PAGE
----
“A great deal of the credit for discovering the descendants goes to Patricia Bayonne-Johnson, a descendant of Nace and Biby Butler, a husband and wife who were sold
by Thomas Mulledy to Jesse Batey in 1838 and transported to Louisiana,” according to Georgetown University. “Bayonne-Johnson … discovered her connection to Nace and Biby Butler while researching her family tree in 2004. Using documents from the Jesuit Plantation Project, and with help from Louisiana genealogist Judy Riffel, Bayonne-Johnson learned of the story of the 1838 sale and uncovered additional documents, including the manifest of the Katherine Jackson.
“After Georgetown president Jack DeGioia formed the Working Group for Slavery, Memory, and Reconciliation at Georgetown University, we created the Georgetown Slavery Archive to replace the defunct Jesuit Plantation Project website and publish additional documents from Georgetown’s archives relating to the university’s relationship to slavery and slaveholding in the Maryland Province, and to the fate of the people who were sold to Henry Johnson and Jesse Batey in 1838.”
Soon enough, Georgetown alumnus Richard Cellini took on the task of researching the GU272 descendant community with his independent Georgetown Memory Project, aided by contributions from fellow alums.
“This is not a disembodied group of people, who are nameless and faceless,” Cellini told the New York Times, which published major stories on the Jesuits’ slave sale four years ago. “These are real people with real names and real descendants.” As of this month, Cellini lists persons identified and located: 227 ancestors; 9,269 direct descendants.
Another website was created last year to assist the search. “The GU272 Memory Project marks the first time that genealogical data about the GU272 will be publicly available. It’s a milestone in online resources for African American family history,” said Claire Vail, director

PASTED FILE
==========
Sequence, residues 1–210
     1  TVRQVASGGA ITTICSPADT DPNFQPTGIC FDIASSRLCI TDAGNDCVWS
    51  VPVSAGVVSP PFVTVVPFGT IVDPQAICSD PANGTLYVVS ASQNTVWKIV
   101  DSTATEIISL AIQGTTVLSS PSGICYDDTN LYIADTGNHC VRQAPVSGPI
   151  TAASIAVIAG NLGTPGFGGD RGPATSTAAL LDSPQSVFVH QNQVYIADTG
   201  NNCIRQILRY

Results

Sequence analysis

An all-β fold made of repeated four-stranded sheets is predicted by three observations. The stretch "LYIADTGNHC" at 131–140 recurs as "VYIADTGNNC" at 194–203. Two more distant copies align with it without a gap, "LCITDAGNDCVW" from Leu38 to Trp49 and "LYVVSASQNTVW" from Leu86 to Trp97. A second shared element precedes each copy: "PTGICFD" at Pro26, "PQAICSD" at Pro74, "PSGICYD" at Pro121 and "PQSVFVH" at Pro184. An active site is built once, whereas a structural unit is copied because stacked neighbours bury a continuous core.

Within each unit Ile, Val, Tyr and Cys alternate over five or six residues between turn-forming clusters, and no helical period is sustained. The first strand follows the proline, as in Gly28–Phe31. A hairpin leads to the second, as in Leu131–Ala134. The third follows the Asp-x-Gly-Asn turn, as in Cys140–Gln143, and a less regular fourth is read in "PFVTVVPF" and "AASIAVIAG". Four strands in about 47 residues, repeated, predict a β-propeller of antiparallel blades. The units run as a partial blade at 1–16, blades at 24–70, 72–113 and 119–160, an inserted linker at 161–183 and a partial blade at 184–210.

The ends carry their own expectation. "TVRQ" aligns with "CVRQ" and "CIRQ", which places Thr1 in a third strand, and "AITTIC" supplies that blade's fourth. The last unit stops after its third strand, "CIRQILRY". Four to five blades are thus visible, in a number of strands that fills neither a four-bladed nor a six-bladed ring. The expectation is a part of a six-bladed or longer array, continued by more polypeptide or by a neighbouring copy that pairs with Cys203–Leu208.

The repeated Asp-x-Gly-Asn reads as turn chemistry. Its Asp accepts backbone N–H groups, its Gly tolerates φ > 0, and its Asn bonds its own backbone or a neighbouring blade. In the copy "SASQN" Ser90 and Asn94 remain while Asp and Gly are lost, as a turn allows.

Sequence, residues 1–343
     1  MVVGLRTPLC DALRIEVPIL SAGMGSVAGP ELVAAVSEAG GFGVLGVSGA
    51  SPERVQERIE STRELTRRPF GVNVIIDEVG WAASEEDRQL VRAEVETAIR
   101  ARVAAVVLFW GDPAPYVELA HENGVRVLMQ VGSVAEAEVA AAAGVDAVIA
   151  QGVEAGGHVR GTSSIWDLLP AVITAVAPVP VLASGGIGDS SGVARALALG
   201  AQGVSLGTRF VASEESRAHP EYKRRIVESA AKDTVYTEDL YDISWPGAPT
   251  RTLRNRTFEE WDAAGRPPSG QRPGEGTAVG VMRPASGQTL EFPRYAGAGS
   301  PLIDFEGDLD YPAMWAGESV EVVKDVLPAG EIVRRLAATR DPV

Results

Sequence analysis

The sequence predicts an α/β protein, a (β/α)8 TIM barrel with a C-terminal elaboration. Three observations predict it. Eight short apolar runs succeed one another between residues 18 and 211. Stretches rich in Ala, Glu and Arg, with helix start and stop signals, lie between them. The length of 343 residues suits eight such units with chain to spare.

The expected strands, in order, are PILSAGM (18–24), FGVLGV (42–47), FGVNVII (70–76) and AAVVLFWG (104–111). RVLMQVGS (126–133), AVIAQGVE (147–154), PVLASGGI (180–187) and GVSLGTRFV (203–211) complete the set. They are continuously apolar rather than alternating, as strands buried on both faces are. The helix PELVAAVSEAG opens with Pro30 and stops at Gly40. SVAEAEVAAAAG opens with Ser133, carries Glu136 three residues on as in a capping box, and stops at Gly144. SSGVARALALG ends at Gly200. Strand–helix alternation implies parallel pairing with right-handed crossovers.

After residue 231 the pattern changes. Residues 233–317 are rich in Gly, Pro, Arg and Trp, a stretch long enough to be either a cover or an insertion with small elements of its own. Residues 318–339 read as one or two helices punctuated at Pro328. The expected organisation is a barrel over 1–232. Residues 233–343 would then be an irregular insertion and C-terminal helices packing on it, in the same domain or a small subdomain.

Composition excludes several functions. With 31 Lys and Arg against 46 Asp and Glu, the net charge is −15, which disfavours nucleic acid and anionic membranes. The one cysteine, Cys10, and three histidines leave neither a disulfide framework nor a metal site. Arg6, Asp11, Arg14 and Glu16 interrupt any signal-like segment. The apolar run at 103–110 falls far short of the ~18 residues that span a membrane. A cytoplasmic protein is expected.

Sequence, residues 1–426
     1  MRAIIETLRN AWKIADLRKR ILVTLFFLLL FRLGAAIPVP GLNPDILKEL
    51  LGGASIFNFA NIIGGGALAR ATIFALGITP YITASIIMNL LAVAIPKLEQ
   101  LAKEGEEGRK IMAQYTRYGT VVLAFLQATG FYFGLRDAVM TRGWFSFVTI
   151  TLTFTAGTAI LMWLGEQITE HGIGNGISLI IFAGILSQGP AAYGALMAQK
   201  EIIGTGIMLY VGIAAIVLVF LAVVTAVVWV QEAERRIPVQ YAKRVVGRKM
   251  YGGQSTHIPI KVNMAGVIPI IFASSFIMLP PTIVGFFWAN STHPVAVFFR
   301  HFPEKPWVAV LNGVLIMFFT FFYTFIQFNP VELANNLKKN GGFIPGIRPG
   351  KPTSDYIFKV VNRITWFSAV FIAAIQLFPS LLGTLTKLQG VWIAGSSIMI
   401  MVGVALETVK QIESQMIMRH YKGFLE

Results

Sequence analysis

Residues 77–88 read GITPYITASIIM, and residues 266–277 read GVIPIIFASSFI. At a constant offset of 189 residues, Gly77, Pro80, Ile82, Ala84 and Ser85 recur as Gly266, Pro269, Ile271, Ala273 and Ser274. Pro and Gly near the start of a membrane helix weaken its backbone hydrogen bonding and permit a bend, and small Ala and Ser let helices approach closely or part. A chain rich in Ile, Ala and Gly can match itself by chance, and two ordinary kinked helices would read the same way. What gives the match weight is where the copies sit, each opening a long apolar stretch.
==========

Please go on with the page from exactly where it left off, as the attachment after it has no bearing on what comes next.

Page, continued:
of creative and digital strategy, American Ancestors & New England Historic Genealogical Society.
“The GU272 Memory Project was a natural fit for us,” said Vail, who added that they “traveled to Louisiana to capture oral histories from the largest group of descendants. We spoke with at least 30 descendants living in Baton Rouge, Houma and New Orleans, for a total of 50 interviews to date across many families.” Vail commented that finding and digitizing the available documents — “and making it searchable and making it public — is a
vitally important task, both for descendants and for historians. Identifying enslaved people is a vital step in gaining a better understanding of America — past and present.”
Four years ago, Cellini phoned Maxine Crump in Baton Rouge with the revelation that her great-great-grandfather Cornelius Hawkins was one of those slaves sold by the Jesuits to the Louisiana plantation. “Oh my God,” she cried. “Oh my God.” That was Neely, buried in the only Catholic cemetery in the area. “Now they are real to me,” Crump told the Times. “More real every day.”
DESCENDANTS BECOME HOYAS
Among the first descendants to matriculate at Georgetown are Elizabeth Thomas and Shepard Thomas, the children of Sandra Green Thomas, great-great-granddaughter of Sam Harris and Betsy Ware Harris.
“In the mid-1990s, I lived within walking distance of Georgetown. I was pushing my babies around in a stroller, going on campus, without knowing anything about the connection,” Thomas recalled in a Times piece. “I read The New York Times, and I saw the story there. I saw the photo of the cemetery, and I saw Maringouin, La. I went to the website of Georgetown’s slavery archive and saw the names of my relatives … I find it somewhat comforting and amazing that the immediate family remained intact after being sold … When I first read it, I was just looking at the facts. But when you start thinking about it, it is really horrific.”
As if to complete a particular circle of life, Georgetown graduate Elizabeth Thomas is now an ABC News reporter. Last year, she and another descendant student, Melisande Short-Colomb, went to the Jesuit cemetery on the university’s main campus. In front of the tombstone of Thomas Mulledy, S.J., who coordinated the slave sale, they told him: “Look at us now.”
No doubt, there will be more arguments about reparative action by the school and more programs and memorials to follow. Meanwhile, this sinful chapter of Georgetown University and of America is leading to something of a miracle: those once lost to history and are now among us — and remembered.